Malian children attend the first day of school in Segou, Oct 1, 2019. (MICHELE CATTANI / AFP)
A surge in militant violence in Mali, Burkina Faso and Niger has left as many as 5 million children needing humanitarian assistance this year as access to education, health care and drinking water shrinks, according to the United Nations.
Children in the central Sahel region are increasingly under threat, with hundreds of thousands having suffered “traumatic experiences,” the UN Children’s Fund said
Children in the central Sahel region are increasingly under threat, with hundreds of thousands having suffered “traumatic experiences,” the UN Children’s Fund said in a statement Tuesday. They’ve been mutilated, sexually abused or recruited into armed groups, it said.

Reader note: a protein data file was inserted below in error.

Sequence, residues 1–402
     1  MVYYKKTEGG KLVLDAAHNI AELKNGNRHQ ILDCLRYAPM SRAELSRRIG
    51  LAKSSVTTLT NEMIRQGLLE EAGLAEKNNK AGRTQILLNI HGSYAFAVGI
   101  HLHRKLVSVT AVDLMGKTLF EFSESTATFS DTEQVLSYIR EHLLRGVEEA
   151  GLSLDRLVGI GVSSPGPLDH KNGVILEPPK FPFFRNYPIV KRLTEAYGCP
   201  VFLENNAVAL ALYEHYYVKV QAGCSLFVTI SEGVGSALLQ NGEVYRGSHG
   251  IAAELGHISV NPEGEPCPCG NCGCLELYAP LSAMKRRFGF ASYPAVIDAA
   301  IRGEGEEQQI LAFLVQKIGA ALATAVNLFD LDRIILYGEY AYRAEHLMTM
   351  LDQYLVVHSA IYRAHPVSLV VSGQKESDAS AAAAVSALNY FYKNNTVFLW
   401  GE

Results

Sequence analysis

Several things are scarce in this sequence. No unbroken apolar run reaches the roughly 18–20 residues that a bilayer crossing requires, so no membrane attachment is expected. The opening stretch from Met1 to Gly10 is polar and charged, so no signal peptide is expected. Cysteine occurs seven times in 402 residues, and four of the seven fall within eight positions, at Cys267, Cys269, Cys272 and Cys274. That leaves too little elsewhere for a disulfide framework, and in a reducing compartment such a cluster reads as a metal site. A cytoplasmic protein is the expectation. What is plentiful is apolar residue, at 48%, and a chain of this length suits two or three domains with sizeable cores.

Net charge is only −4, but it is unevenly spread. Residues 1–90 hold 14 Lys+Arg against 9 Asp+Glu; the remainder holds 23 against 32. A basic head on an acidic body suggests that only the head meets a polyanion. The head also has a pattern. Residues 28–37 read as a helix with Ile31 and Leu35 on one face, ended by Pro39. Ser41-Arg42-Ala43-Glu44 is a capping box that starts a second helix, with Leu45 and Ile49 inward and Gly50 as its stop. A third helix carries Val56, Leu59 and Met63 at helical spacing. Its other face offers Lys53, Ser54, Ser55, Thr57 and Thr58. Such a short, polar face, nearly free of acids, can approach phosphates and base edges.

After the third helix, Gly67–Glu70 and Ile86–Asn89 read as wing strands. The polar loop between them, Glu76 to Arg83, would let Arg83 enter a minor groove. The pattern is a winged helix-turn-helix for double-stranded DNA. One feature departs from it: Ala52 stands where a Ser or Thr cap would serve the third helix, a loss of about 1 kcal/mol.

Mali recorded 571 “grave violations” against children in the first three quarters of 2019, compared with 544 the previous year, the fund said.
Near-daily attacks by fighters linked to al-Qaeda and Islamic State in Mali and Burkina Faso have killed thousands of people in recent years, including UN peacekeepers, teachers and village chiefs. While the raids occur mostly in Mali’s north and center and in Burkina Faso’s border zones, they’ve caused massive displacement and forced farming communities to move to urban areas. Niger, already one of the poorest countries in the world, is also facing attacks on army camps near its borders.
UNICEF estimates that more than 670,000 children across the region have been forced to flee their homes since 2019. At least 3,300 schools in the three countries were closed or non-operational by the end of the year, affecting 650,000 children and 16,000 teachers.
The organization appealed for US$208 million from donors to provide aid in the central Sahel this year.
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